Four Dallas-area healthcare organizations were among the latest group of 123 new Medicare Shared Savings Program accountable care organizations announced this week by U.S. Health and Human Services Secretary Kathleen Sebelius.
The four that plan to launch on Jan. 1 are:
- Genesis Accountable Physician Group
- Medical Clinic of North Texas
- Premier Patient Health Care
- UT Southwestern Accountable Care Network
ACOs must meet quality standards to ensure that savings are achieved through improving care coordination and providing quality care. The Centers for Medicare and Medicaid Services evaluates ACO quality performance using 33 quality measures.
Medicare Shared Savings Program ACOs accept responsibility for the quality, cost, and care of at least 5,000 Medicare fee-for-service patients. CMS establishes benchmarks based on the anticipated costs of caring for those patients in the absence of an ACO. If costs are below the benchmark, the ACO and CMS share the savings.
Jim Walton, president and chief executive officer of Dallas-based Genesis Physicians Group, said the independent practice association is funding the infrastructure of its ACO. He said the IPA created the GAPN to negotiate ACO contracts, of which the MSSP was the first.
GAPN includes more than 70 primary-care and 160 specialty-care physicians covering about 16,000 Medicare patients. Walton said all but eight of the participating physicians belong to the Genesis IPA. The IPA has about 1,400 physicians. He said future ACO provider growth could come from either inside or outside the IPA.
Walton said GAPN is in discussions with commercial insurers and expects to announce additional contracts over the next two years.
“We anticipate that as we negotiate more commercial and Medicare Advantage contracts, we will be able to grow our ACO [provider] membership significantly,” he said. “Our goal is to create an independent-physician alternative to independent delivery system ACO offerings. Over time, we are going to see a nice competitive [ACO] landscape emerge where ACO models will be more transparent about cost control and quality. That’s what the marketplace wants.”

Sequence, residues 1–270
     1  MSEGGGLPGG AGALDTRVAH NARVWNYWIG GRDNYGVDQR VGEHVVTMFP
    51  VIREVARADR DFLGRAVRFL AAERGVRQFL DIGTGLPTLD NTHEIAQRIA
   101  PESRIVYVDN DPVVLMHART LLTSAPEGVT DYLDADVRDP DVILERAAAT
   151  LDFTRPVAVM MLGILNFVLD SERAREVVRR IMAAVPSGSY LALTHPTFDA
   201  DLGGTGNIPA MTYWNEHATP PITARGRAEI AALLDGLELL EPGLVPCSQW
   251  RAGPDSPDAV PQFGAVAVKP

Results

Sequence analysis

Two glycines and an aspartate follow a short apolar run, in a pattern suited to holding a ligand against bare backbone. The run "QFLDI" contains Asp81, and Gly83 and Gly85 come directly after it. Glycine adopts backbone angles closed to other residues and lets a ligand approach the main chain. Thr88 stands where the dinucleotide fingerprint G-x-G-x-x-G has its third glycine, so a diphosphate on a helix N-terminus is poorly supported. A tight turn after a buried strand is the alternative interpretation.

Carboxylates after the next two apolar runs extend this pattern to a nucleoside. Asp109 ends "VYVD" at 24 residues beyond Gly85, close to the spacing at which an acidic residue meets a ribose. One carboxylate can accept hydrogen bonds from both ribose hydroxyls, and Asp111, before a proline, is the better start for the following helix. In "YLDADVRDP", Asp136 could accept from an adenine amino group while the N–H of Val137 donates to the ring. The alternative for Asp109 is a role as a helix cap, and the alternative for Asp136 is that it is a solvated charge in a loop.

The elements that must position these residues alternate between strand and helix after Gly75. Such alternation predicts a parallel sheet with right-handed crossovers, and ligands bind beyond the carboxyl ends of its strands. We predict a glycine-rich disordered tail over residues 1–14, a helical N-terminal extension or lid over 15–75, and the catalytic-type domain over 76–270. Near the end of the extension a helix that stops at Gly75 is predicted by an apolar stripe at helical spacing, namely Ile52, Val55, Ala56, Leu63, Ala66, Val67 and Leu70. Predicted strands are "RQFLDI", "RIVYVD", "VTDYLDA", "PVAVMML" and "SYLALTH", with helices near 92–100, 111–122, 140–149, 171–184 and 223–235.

Plano physician Scott Yates, who is Genesis’ chairman of the board, said the MSSP would not survive unless the organization can grow its ACO contracts. He said the IPA is a good vehicle to test-market contracts.
“If we get a contract based on risk, we’ll take it to the doctors in the IPA and see how many will participate,” he said. “If not enough do, we will know it has too much risk or not enough reward. When we take good care of folks [in the ACO], costs will go down. Costs will follow quality. We’re all in trouble if we can’t fix this [delivery system].”
The MCNT effort will be confined to about 150 physicians within USMD Holdings. Irving-based USMD merged with North Richland Hills-based MCNT in September 2012 to form what it called a “physician-led integrated health system.”
ACO executive Richard Johnston, MD, said the organization would rely on its experience with—and infrastructure from—its Medicare Advantage efforts and patient-centered medical homes to operate the ACO. USMD physicians treat more than 6,000 Medicare Advantage patients and the company is in the process of having its 26 medical homes reaccredited at level 3 by the National Committee for Quality Assurance.
Johnston said there would be “a sea change” in the next three years in the DFW healthcare market. He predicted there would be more Medicare Advantage patients, more commercial sharing-savings programs, and more large employers creating narrower provider networks to control costs.
“The trend is toward more gain sharing or risk sharing,” he said. “This [MSSP] is the way you have to start. It’s a process. You can’t do it overnight. You have to have a lot of things in place to be successful. When the day comes when we have to take on commercial risk, we will be well-situated.”
Anwar Kazi, Premier’s acting chief executive officer, said his company was the only new DFW ACO that was created specifically for the MSSP. Premier has operated ACOs successfully in California and Nevada, and its 15-member North Texas ACO team, which has been together for the past year, includes seasoned ACO executives from California.
The ACO will start with 340 physicians in 137 practices in North Texas and Oklahoma that treat nearly 22,000 Medicare patients. Kazi said Premier recruited the ACO physicians in five months and capped membership for the Jan. 1 launch. Premier’s goal is to have 1000 participating physicians by the end of 2014.
“We went through the good, bad and the ugly with our other ACOs,” Kazi said. “We are blessed with the [management] experience we bring to the table. Our learning curve is smaller [than that of other ACOs]. It takes time to learn the nuances of Medicare ACOs.”
Two major reasons other MSSP ACOs have failed were lack of capital and inability to change physician behavior, Kazi said, both of which he said Premier has successfully addressed.
UT Southwestern Accountable Care Network will include about 1,700 DFW physicians treating about 20,000 Medicare patients.
Danny Irland, chief operating officer of UT Southwestern Health Systems, said the ACO plans to begin with the MSSP and then seek ACO agreements with commercial insurers.
“We are highly focused on driving quality of care and attempting to bend cost curve over time,” he said. “We are not as focused on size. We are developing a population health model to drive quality and efficiency in the market.”
Steve Jacob is editor-at-large of D Healthcare Daily and author of the book Health Care in 2020: Where Uncertain Reform, Bad Habits, Too Few Doctors and Skyrocketing Costs Are Taking Us. He can be reached at email@example.com.